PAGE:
Disney apologises for its silence on anti-gay bill


The Walt Disney Company headquarters in Burbank, California (Photo: Coolcaesar)

Amid claims of homophobic censorship from LGBTQ employees, Disney has admitted that it should have loudly and publicly condemned Florida’s ‘Don’t Say Gay’ bill.

The bill, which was passed last week by the state’s lawmakers, bans discussions about sexual orientation amd gender identity in primary schools. The White House called it “hateful legislation targeting vulnerable students”.

Following the criticism that it had not used its status to condemn the bill ahead of its passage (Florida is home to the company’s famous Disney World theme park and resort), the company initially argued that “corporate statements do very little to change outcomes or minds”.

It claimed that it preferred to instead champion change through other tactics such as “the inspiring content we produce…”

This “tone deaf” response, as well as allegations from employees that Disney had routinely ordered staff to reduce or cut LGBTQ content in its animated films, led to a backlash inside and outside the corporation.

The company tried to avoid further criticism by pledging to donate $5 million to LGBTQ rights groups such as the Human Rights Campaign.

Joni Madison, Interim President of the Human Rights Campaign, however, slammed Disney for its decision “to stay silent amid political attacks against LGBTQ+ families in Florida…”

He said the organisation would “not accept this money from Disney until we see them build on their public commitment and work with LGBTQ+ advocates to ensure that dangerous proposals, like Florida’s Don’t Say Gay or Trans bill, don’t become dangerous laws, and if they do, to work to get them off the books.”

On Friday, Disney CEO Bob Chapek finally reversed course and admitted in an email to staff that the company had indeed failed its LGBTQ employees and the broader LGBTQ community by not speaking out against the bill.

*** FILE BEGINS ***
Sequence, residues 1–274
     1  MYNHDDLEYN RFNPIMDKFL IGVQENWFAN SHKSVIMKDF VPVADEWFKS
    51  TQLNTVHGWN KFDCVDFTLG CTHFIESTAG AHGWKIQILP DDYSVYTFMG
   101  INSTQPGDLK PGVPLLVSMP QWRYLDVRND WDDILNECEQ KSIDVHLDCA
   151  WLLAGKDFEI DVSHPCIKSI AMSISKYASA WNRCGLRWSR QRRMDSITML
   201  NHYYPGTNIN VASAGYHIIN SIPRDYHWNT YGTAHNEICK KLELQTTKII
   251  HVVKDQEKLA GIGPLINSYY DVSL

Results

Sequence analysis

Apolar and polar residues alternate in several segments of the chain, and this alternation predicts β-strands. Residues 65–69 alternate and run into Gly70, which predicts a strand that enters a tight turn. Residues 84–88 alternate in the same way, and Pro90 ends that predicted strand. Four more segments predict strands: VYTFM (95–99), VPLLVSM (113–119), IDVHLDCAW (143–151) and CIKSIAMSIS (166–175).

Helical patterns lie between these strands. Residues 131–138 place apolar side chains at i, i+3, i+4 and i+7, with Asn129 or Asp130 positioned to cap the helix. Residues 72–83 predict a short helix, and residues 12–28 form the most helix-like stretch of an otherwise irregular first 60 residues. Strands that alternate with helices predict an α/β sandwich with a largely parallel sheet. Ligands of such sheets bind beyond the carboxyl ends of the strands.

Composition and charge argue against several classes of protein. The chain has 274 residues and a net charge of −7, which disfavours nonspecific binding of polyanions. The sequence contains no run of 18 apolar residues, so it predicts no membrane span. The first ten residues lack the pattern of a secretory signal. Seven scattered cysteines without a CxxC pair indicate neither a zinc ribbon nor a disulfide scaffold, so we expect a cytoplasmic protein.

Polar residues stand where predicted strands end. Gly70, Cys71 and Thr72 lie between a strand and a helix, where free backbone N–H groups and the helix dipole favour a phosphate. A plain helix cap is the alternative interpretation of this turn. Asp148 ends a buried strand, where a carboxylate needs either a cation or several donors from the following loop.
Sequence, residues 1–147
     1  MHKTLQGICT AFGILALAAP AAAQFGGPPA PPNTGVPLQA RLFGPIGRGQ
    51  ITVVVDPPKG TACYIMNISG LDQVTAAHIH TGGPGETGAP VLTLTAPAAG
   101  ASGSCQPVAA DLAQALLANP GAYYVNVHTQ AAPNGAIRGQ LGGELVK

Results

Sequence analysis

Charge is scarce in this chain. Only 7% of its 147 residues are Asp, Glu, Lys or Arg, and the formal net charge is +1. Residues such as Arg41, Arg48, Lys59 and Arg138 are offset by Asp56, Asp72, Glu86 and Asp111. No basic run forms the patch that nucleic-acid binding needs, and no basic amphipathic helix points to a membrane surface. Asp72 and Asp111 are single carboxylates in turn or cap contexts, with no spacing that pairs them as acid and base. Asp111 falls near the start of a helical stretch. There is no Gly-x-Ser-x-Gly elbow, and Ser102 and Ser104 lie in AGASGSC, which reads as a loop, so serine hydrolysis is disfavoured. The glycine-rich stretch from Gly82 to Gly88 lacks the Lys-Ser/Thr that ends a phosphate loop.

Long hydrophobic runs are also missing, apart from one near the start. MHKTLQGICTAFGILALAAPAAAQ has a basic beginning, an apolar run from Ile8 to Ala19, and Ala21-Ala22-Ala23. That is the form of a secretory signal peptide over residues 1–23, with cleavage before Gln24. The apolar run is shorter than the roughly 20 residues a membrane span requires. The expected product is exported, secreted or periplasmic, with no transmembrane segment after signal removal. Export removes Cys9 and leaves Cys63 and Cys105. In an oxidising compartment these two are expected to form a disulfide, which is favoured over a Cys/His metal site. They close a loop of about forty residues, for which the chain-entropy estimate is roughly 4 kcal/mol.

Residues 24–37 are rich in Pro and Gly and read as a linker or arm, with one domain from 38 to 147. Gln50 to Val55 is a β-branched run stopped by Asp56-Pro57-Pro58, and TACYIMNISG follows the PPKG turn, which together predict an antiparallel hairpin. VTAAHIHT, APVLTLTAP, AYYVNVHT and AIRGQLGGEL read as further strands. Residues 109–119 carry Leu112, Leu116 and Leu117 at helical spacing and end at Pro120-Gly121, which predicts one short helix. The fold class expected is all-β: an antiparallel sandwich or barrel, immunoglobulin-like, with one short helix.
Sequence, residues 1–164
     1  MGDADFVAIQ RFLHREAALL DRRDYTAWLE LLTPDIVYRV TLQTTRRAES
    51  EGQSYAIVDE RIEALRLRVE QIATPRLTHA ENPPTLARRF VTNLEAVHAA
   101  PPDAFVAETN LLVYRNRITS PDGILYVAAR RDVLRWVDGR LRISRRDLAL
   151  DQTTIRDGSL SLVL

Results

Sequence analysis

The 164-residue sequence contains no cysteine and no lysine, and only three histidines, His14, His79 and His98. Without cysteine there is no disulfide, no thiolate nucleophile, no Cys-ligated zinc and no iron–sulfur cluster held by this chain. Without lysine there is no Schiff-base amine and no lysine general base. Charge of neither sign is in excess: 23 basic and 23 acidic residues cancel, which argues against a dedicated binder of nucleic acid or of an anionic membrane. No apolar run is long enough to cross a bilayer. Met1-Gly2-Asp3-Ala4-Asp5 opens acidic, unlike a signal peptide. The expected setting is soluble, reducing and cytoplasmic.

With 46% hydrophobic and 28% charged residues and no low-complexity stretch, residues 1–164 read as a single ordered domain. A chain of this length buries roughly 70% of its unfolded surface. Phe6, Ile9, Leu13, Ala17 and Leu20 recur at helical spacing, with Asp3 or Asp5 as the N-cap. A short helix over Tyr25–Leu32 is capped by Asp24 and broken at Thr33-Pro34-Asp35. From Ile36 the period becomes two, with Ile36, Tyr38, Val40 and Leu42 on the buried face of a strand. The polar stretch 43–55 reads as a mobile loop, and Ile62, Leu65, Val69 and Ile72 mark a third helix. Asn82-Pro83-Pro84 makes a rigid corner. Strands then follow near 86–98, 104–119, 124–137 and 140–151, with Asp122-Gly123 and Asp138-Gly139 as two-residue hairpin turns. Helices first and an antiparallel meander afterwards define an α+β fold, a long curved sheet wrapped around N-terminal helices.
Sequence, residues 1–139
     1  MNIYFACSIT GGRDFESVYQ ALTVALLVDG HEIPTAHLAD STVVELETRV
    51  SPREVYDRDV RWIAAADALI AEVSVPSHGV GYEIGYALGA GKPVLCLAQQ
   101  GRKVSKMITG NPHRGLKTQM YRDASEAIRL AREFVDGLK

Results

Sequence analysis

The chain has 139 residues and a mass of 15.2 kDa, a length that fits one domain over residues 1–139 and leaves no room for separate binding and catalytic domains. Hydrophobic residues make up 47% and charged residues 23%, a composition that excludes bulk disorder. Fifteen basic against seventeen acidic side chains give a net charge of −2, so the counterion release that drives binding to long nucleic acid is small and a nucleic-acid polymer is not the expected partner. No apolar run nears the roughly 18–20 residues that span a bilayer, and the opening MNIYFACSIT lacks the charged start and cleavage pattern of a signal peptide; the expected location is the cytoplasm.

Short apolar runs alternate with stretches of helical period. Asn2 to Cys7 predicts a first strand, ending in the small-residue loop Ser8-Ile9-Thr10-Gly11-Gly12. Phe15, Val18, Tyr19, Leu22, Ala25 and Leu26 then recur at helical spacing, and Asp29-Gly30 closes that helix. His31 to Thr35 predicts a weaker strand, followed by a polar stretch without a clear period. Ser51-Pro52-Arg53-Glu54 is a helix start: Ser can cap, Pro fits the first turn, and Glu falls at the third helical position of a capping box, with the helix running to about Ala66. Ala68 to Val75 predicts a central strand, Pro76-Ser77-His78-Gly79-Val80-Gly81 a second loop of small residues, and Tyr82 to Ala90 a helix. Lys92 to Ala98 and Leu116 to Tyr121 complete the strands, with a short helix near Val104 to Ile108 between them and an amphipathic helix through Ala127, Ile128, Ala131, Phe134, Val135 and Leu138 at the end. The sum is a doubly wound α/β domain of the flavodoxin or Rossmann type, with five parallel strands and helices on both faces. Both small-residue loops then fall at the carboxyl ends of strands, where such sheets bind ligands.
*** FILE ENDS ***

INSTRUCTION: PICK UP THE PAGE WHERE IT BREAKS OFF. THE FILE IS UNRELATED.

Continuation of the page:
“You needed me to be a stronger ally in the fight for equal rights and I let you down. I am sorry.” Chapek wrote.

Chapek added that “It is clear that this is not just an issue about a bill in Florida, but instead yet another challenge to basic human rights.” He also said that Disney would pause all political donations in Florida pending a review of its donation policies

“I truly believe we are an infinitely better and stronger company because of our LGBTQ+ community,” Chapek continued. “I missed the mark in this case but am an ally you can count on — and I will be an outspoken champion for the protections, visibility, and opportunity you deserve.”

In a letter said to be from “the LGBTQIA+ employees of Pixar, and their allies” it was claimed that “Nearly every moment of overtly gay affection is cut at Disney’s behest” (the Pixar animation studio is owned by Disney). The employees said “we are being barred” from creating LGBTQIA+ content.

The Don’t Say Gay bill (officially named the Parental Rights in Education Bill) not only bans the discussion of LGBTQ life in the classroom but also in student support services such as counselling. Republican Governor Ron DeSantis has indicated that he will sign the bill into law.

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